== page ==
On Thursday, Governor Kevin Stitt held a news conference on the impasse Oklahoma state government and the Indian tribes have in regard to the Indian gaming compact. Negotiated 15 years ago by then Governor Brad Henry and State Treasurer Scott Meacham after the passage of SQ 712, the gaming compact offers ‘exclusivity’ to the tribes for Class III gaming. It is set to expire on Jan. 1. The tribes have taken the position the compact automatically renews and will not expire. Stitt and legislative leaders believe it does expire.
As of last year, 31 tribes are operating 131 gambling facilities across the Sooner state. They collectively rake in about $2.3 billion annually through those operations. Last year, Oklahoma state government got $138.6 million from the operation or about 6% of the total. In 2018, the state legislature approved ‘ball and dice’ gambling with the state getting a 10% cut from those games. 88% of the total goes to education, 12% into the general fund. Two observations:
First, Oklahoma’s gaming compact does allow for a lower percentage of the take to go to state coffers. Stitt gave the example of four states where the percentage of gambling proceeds exceeds Oklahoma’s 4-6%. In neighboring Arkansas, tribes return 13-20% of their Class III gambling proceeds to the state. The governor pointed out the Oklahoma based Cherokee tribe operates two casinos within 30 miles of one another (one in Oklahoma, one in Arkansas) and the compact amounts should be comparable. But Arkansas is not Oklahoma. In Oklahoma, 7.1% of the population is Native American compared to only .57% in Arkansas. It’s doubtful the Cherokee tribe spends much money in Arkansas on helping the community. That is not the case in Oklahoma. Oklahoma’s Indian tribes run a meridian of social programs for their citizens and most of that is funded through their gambling operations (including from facilities in other states). If the tribes are forced to pay a higher percentage, likely those programs will be cut or eliminated. The question boils down to who will really do a better job spending money — the tribes or the state?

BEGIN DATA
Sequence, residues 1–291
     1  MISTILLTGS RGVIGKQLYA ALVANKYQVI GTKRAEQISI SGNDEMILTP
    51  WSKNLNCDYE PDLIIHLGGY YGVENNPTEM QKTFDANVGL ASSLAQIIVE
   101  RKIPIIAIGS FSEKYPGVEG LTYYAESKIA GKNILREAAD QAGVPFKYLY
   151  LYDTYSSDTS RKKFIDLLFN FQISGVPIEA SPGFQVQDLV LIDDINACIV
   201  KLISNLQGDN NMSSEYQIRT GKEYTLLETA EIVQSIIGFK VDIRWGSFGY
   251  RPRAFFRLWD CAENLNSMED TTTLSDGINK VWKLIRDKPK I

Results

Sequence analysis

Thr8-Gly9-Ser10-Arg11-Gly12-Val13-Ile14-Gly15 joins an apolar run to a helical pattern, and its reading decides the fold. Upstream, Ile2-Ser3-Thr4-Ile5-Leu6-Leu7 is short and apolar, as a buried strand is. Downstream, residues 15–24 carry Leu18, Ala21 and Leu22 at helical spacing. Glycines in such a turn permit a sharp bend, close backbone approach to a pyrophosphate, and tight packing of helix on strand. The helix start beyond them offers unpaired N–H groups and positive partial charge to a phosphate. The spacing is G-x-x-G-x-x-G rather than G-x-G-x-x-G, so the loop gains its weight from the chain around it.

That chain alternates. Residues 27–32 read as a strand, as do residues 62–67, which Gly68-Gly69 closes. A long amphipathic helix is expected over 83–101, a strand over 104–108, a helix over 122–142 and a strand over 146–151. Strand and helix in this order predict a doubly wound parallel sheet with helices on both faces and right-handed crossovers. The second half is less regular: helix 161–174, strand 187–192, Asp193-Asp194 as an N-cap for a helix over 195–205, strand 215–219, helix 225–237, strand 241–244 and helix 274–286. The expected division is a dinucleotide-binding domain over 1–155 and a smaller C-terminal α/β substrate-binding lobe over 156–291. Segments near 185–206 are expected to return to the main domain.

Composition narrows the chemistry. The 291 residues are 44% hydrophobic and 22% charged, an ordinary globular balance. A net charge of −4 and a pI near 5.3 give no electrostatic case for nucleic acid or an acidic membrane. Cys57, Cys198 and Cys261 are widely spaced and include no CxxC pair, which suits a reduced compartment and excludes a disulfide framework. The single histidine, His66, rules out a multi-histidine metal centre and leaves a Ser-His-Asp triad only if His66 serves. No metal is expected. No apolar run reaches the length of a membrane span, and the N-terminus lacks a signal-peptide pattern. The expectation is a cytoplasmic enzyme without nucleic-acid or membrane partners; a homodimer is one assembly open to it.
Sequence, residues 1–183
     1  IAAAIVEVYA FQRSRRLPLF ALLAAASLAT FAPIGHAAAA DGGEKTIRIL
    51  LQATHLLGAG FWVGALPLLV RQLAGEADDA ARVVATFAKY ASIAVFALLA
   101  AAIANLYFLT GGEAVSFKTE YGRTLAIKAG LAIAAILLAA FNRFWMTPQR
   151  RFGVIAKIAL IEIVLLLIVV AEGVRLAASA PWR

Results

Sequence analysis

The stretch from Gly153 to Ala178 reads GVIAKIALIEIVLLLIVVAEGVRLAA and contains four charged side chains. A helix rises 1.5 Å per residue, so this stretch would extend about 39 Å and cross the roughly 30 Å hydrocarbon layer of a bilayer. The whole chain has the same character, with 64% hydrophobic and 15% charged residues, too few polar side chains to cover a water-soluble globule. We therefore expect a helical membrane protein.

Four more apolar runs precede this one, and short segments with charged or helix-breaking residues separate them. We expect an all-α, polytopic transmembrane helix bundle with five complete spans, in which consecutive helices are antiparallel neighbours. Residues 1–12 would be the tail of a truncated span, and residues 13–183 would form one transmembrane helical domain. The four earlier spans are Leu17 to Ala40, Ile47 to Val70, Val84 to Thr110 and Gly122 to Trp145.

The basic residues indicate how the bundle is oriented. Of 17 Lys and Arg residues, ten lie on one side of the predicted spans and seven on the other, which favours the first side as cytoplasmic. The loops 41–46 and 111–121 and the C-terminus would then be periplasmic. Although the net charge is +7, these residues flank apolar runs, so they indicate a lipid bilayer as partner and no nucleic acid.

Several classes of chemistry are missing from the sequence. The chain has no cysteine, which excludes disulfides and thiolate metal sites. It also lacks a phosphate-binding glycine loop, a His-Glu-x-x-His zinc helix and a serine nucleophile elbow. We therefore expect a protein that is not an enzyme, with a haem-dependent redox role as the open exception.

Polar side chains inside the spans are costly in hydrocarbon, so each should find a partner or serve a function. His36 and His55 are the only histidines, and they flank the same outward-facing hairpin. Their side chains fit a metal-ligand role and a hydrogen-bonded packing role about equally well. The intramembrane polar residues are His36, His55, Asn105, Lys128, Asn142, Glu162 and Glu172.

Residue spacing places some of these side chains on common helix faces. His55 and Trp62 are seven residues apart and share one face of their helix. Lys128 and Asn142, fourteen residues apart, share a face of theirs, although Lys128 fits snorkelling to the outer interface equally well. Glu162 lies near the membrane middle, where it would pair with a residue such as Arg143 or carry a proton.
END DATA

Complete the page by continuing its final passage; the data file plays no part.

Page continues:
Second, any increase in the percentage the tribes return to the state will be passed on. An increase cannot/will not be absorbed by the tribes. The tribes are running a business. If the tribes agree to an increase, that increase will come from the source of their income — those pulling the slots. Changing the payout percentage on the new electronic slot machines requires changing the computer chip that was loaded into the machine from the factory. While time consuming and expensive for the tribes, they will have to do it to keep their gambling operations viable. Expect the Casper the Friendly Ghost machine to ultimately not pay out as well if the compact percentages are increased. The ‘players’ would pay the higher amount, not the tribe. The increase becomes an indirect voluntary tax.
The expansion of gambling worldwide in the last 20 years has been dramatic, but even more so in Oklahoma. Oklahoma has more slot machines per capita than anyplace on the planet. Gambling losses worldwide are twice what they were 30 years ago. Gambling addiction is believed to be more difficult to overcome than drug addiction. Trying to get more money from Oklahoma citizens through gambling will not make Oklahoma a top 10 state.
Steve Fair is chairman of the 4th district of the Oklahoma Republican Party. He can be reached by phone at (580) 252-6284 or by email at firstname.lastname@example.org.